Summer Camp: Mail and Care Packages

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Kids are heading to camp… and they will be expecting mail. Here are some simple tips to ensure you don’t screw up.

1. No food means NO FOOD. Yes, I’m sure little Susie would love a bag of Skittles. But, do you know what Susie doesn’t want? An effing raccoon in her tent/cabin/shelter. Skip the snacks. They don’t make you a better parent… they make your kid a target for wild animals.

2. If your kid is at camp for less than a month, don’t SEND mail.¬†Instead, bring the mail with you, labeled with your child’s name, unit, and the day you want it delivered. Give it to someone in charge after you have dropped off your kid. This way, you can ensure they will get mail in a timely fashion.

3. If you want your kid to send YOU mail, give them pre-addressed, stamped envelopes, paper, and something to write with. Make it easy for them.

4. Care packages are great… but again… skip the snacks (or anything scented… no fruity lotions… use common sense). Books, mazes, puzzles, glow sticks, etc… these are good options. Hit up the dollar store! Just put everything in paper lunch sacks, labeled appropriately.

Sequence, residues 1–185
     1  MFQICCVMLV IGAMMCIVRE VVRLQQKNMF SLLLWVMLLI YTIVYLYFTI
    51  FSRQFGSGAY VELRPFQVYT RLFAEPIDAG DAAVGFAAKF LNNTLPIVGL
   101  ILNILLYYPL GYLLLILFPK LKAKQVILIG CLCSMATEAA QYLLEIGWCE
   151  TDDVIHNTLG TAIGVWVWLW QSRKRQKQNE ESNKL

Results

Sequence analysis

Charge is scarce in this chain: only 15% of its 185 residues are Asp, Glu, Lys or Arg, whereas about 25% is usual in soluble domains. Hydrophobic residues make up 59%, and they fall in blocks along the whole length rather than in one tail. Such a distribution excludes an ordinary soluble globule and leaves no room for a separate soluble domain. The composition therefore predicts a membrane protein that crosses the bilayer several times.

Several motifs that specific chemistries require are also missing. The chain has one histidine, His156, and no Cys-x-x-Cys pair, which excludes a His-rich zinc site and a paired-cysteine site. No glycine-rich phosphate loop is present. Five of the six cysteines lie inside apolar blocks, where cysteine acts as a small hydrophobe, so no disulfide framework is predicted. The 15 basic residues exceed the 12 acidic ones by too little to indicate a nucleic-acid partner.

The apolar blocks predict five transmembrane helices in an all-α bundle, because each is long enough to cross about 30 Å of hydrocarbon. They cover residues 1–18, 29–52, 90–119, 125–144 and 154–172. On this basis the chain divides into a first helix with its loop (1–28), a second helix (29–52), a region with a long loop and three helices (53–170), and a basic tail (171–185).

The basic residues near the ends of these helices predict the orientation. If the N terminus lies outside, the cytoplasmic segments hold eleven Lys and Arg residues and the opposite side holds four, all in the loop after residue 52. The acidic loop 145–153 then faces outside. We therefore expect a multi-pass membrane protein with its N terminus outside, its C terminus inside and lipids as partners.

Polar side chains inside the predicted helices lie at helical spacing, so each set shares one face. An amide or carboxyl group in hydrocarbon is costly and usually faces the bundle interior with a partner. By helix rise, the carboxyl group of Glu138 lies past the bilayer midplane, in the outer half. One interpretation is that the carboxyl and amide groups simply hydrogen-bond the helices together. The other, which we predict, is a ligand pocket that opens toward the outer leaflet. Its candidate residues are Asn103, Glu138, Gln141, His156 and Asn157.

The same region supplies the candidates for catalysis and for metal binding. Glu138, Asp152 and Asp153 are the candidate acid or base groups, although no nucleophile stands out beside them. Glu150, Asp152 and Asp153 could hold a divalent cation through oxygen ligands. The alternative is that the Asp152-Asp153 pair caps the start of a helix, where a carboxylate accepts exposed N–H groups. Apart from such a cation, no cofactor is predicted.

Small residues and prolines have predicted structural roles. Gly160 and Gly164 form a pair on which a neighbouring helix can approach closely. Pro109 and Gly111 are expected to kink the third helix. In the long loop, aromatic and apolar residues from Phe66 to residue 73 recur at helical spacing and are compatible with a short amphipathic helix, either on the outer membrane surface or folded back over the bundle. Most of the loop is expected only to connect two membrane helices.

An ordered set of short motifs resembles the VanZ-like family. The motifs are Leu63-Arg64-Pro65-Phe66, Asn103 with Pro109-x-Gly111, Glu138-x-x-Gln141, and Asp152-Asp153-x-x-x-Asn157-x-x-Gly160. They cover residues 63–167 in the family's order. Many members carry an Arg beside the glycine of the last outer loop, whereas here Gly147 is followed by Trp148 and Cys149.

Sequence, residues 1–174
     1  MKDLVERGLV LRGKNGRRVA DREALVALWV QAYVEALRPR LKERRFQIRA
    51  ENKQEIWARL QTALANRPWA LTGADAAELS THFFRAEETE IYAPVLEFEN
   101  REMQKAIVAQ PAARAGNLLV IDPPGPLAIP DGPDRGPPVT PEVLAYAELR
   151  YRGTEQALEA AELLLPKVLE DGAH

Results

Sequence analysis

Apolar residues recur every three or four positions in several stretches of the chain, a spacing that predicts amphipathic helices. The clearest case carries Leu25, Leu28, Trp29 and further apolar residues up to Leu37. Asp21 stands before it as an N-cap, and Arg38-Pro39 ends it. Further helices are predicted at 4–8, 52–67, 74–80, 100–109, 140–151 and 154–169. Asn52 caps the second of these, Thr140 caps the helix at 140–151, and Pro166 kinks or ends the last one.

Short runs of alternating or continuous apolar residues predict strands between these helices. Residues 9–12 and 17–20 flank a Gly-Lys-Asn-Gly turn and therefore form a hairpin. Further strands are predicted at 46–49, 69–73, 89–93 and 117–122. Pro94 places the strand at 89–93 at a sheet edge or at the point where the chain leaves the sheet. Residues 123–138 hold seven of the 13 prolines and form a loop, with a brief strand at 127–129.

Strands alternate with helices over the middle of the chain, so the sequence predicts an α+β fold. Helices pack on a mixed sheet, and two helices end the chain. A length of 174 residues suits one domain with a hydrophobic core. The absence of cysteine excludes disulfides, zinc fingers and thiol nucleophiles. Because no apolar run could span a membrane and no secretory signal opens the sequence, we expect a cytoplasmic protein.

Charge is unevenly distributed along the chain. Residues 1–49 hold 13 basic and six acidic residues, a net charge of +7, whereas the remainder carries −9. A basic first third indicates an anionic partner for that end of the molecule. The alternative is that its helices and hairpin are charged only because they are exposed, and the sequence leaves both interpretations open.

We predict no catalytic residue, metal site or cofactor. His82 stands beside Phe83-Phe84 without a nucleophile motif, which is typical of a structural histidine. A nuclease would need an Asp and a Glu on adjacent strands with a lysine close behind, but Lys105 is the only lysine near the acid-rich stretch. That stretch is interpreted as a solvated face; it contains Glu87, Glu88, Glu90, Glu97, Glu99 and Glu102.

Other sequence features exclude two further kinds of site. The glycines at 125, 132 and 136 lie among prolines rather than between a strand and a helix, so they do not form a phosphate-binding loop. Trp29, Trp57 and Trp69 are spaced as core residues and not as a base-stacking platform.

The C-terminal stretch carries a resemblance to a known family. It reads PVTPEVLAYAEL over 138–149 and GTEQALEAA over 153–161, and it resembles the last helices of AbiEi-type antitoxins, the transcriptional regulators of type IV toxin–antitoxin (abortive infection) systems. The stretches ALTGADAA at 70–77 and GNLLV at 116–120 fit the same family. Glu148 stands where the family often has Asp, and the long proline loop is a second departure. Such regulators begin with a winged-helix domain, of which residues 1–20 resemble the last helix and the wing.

5. Don’t skimp on mail. If your kid doesn’t get at least one letter a day, they will most likely think you hate them and aren’t going to pick them up at the end of the week. (Especially younger kids.) Be proactive. Gather letters from family members, friends, neighbors… your kid will be beyond thrilled and feel totally loved. Everybody loves mail!

6.¬†Don’t say s!@#y things. You would be shocked at some of the things people send in camp mail. Messages like, “Your cat died,” and, “We went to Hershey Park without you,” and, “It’s so much better without you here,” are just distasteful and will ensure your child is up crying with her counselors until the wee hours of the morning. Camp should be fun. Don’t ruin it.

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I’m a former camp director/manager/counselor and would like to share my Summer Camp wisdom with the world.

2 thoughts on “Summer Camp: Mail and Care Packages

  1. I think you should skip the mail, but if you must one a week should suffice. I think the more you write the more they’ll miss you. Let them focus on being there. If you write too much then it becomes a contest between the kids and then the ones receiving less or no mail will feel forgotten and become more homesick than they already are. A care package for the entire cabin of kids of things they can share might be a nice touch for those not receiving as much from home.

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